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dedicated to professions, and none left free to the study of arts and sciences at large. For if men judge that learning should be referred to use and action, they judge well; but it is easy in this to fall into the error pointed at in the ancient fable; in which the other parts of the body found fault with the stomach, because it neither performed the office of motion as the limbs do, nor of sense, as the head does; but yet notwithstanding it is the stomach which digests and distributes the aliment to all the rest. So if any man think that Philosophy and Universality are idle and unprofitable studies, he does not consider that all arts and professions are from thence supplied with sap and strength. And this I take to be a great cause, which has so long hindered the more flourishing progress of learning; because these fundamental knowledges have been studied but in passage, and not drunk deeper of. For if you •will have a tree bear more fruit than it has used to do, it is not anything you can do to the boughs, but it is the stirring of the earth, and putting richer mould about the roots, that must work it. Neither is it to be forgotten that this dedication of colleges and societies to the use only of professory learning has not only been inimical to the growth of the sciences, but has also been prejudicial to states and governments. For hence it proceeds that princes when they have to choose men for business of state find a wonderful dearth of able men around them ; because there is no collegiate education designed for these purposes, where men naturally so disposed and affected might (besides other arts) give themselves especially to histories, modern languages, books of policy and civil discourse; whereby they might come better prepared and instructed to offices of state.
And because founders of Colleges do plant, and founders of Lectures do water, I must next speak of the deficiencies which I find in public lectures; wherein I especially disapprove of the smallness of the salary assigned to lecturers in arts and professions, particularly amongst ourselves. For it is very necessary to the progression of sciences that lecturers in every sort be of the most able and sufficient men; as those who are ordained not for transitory use, but for keeping up the race and succession of knowledge from age to age. This cannot be, except their condition and endowment be such that the most eminent professors may be well contented and willing to spend their whole life in that function and attendance, without caring for practice. And therefore if you will have sciences flourish, yon must observe David's military law; which was, " That those who stayed with the baggage should have equal part with those who were in the action ; ", else will the baggage be ill attended. So lecturers in sciences are as it were the keepers and guardians of the whole store and provision of learning, whence the active and militant part of the sciences is furnished ; and therefore they ought to have equal entertainment and profit with the men of active life. Otherwise if the fathers in sciences be not amply and handsomely maintained, it will come to pass, as Virgil says of horses,—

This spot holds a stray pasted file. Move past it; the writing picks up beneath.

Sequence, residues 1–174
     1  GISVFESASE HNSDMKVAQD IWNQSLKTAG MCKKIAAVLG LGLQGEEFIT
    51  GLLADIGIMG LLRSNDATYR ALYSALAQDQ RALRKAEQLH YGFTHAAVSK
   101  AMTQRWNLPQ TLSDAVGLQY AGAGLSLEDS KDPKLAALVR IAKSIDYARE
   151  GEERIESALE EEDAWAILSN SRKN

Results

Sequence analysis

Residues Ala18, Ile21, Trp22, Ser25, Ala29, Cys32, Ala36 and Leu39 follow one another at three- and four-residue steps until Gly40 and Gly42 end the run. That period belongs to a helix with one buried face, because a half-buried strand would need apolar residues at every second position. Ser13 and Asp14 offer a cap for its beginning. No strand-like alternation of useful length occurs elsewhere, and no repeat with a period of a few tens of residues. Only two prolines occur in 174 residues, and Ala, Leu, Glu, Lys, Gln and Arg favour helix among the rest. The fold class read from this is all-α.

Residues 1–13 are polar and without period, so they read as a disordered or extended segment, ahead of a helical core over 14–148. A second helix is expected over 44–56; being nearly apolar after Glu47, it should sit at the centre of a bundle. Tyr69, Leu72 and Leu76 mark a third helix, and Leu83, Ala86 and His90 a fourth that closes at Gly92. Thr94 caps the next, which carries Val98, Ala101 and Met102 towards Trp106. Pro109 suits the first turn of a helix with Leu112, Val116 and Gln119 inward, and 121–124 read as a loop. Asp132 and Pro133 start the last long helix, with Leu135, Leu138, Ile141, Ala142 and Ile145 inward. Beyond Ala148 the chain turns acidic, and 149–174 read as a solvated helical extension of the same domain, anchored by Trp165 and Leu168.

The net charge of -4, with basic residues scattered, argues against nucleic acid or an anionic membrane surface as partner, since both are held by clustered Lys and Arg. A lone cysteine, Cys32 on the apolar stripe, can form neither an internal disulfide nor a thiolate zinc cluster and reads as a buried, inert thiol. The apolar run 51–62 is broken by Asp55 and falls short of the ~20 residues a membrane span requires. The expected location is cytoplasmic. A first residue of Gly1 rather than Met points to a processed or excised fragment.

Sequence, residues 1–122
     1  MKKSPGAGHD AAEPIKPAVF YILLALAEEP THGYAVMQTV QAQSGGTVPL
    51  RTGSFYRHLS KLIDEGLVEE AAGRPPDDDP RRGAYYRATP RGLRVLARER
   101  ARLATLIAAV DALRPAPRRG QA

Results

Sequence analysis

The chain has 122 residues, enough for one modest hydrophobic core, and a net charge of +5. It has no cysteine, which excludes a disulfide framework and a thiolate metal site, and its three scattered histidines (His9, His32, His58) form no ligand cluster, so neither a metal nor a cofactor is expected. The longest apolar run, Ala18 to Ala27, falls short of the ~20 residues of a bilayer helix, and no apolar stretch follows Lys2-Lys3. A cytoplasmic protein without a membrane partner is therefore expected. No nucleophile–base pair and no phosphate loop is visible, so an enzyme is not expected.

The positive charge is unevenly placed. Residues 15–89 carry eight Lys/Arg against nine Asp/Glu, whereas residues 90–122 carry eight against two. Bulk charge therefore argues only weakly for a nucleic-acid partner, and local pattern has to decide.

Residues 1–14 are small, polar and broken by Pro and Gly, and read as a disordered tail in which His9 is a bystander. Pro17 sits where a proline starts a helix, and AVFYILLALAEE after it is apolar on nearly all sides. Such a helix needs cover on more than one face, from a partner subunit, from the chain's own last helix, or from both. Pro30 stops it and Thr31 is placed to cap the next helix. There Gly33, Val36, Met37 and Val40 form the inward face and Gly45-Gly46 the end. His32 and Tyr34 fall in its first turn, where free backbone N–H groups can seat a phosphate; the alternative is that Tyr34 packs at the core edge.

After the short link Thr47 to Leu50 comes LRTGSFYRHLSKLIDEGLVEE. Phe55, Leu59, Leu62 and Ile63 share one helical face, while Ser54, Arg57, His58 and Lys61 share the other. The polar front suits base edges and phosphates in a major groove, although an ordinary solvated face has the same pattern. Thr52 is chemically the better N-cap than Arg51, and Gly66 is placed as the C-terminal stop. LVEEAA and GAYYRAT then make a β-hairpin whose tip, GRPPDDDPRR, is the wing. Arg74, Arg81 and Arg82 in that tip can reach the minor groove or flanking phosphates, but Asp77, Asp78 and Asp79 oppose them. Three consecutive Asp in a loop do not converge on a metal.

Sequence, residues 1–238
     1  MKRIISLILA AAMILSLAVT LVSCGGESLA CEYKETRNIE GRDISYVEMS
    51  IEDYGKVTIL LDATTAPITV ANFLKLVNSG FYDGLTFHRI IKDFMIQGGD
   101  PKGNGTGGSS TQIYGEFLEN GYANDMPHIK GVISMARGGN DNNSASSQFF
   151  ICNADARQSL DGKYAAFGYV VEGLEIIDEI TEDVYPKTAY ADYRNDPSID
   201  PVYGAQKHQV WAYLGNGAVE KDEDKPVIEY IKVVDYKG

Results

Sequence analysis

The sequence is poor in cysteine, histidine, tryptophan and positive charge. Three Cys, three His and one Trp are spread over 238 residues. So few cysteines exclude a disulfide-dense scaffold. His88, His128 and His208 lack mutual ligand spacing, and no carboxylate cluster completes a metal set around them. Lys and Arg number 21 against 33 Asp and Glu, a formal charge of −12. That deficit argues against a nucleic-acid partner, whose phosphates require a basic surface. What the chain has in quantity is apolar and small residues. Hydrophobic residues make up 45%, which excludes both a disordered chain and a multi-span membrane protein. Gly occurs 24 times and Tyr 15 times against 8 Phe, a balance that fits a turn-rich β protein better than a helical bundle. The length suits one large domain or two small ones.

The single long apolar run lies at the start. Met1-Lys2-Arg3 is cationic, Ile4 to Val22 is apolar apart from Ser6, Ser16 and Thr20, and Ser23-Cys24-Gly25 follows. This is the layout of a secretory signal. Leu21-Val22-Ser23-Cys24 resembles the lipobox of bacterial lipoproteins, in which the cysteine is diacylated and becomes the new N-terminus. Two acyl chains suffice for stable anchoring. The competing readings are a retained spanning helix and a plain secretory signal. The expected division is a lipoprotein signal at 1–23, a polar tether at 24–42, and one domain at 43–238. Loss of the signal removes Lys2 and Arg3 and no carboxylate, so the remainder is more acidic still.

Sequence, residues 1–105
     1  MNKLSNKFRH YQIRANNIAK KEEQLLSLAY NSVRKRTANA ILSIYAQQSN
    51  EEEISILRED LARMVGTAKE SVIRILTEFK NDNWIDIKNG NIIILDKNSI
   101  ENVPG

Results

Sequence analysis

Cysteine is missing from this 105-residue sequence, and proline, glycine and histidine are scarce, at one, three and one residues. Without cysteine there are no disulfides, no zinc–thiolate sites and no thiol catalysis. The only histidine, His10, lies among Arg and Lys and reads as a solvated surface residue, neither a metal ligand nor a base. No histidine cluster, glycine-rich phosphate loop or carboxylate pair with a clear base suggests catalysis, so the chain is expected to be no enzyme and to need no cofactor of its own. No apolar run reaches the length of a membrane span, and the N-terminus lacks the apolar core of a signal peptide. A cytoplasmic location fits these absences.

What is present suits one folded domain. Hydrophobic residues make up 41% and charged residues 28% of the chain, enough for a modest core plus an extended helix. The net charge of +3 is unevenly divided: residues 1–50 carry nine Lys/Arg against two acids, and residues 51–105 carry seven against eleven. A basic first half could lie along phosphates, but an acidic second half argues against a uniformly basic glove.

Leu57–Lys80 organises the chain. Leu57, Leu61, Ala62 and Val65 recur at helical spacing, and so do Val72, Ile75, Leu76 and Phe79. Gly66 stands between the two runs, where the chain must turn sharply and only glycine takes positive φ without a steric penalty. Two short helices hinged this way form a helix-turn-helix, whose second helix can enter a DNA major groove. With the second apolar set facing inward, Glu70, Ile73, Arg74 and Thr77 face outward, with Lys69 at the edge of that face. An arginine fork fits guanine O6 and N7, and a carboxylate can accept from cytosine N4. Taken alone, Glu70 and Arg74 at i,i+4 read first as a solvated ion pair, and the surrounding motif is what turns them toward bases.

Et patrum invalidi referent jejunia nati;*
the poor keeping of the parents will be seen in the weakliness of the children.
I will now notice another defect, wherein I should call in some alchemist to help me; one of those who advise the studious to sell their books and build furnaces, and forsaking Minerva and the Muses as barren virgins, to rely upon Vulcan. But certain it is that for depth of speculation no less than for fruit of operation in some sciences (especially natural philosophy and physic) other helps are required besides books. Wherein also the beneficence of men has not been altogether wanting; for we see spheres, globes, astrolabes, maps, and the like have been provided and prepared as assistants to astronomy and cosmography, as well as books. We see likewise that some places instituted for physic have gardens for the examination and knowledge of simples of all sorts, and are not without the use of dead bodies for anatomical observations. But these respect but a few things. In general, it may be held for certain that there will hardly be any great progress in the unravelling and unlocking of the secrets of nature, except there bo a full allowance for expenses about experiments; whether they be experiments appertaining to Vulcan or Daxlalus (that is, the furnace or engine), or any other kind. And therefore as secretaries and emissaries of princes are allowed to bring in bills of expenses for their diligence in exploring and unravelling plots and civil secrets, so the searchers and spies of nature must have their expenses paid, or else you will never be well informed of a great number of things most worthy to be known. For if Alexander made such a liberal assignation of money to Aristotle, to support hunters, fowlers, fishers and the like, that he might be better furnished for compiling a History of Animals; certainly much more do they deserve it, who instead of wandering in the forests of nature, make their way through the labyrinths of arts.
1 1 Sam. xxx. 24. '* Georg. iii. 128.